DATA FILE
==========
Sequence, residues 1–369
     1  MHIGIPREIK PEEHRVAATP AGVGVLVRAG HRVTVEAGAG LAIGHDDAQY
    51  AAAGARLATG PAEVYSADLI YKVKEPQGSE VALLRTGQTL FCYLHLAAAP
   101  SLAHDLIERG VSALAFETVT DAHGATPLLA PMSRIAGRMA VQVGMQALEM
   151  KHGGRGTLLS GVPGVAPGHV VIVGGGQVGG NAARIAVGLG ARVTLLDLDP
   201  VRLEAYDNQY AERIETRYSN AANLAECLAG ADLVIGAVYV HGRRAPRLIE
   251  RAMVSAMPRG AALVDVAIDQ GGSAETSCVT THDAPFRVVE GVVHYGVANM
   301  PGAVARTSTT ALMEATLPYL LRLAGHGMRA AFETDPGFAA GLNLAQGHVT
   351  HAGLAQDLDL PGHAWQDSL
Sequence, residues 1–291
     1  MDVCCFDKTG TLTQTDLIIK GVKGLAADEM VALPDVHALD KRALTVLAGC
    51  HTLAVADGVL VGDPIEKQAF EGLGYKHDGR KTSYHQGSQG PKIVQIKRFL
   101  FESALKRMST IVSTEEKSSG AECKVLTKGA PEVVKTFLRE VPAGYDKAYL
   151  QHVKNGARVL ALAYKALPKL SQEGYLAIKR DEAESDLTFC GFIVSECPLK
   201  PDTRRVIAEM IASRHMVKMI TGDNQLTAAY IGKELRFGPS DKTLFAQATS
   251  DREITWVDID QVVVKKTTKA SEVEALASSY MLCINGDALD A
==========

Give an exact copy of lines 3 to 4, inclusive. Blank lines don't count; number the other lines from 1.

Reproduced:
    51  AAAGARLATG PAEVYSADLI YKVKEPQGSE VALLRTGQTL FCYLHLAAAP
   101  SLAHDLIERG VSALAFETVT DAHGATPLLA PMSRIAGRMA VQVGMQALEM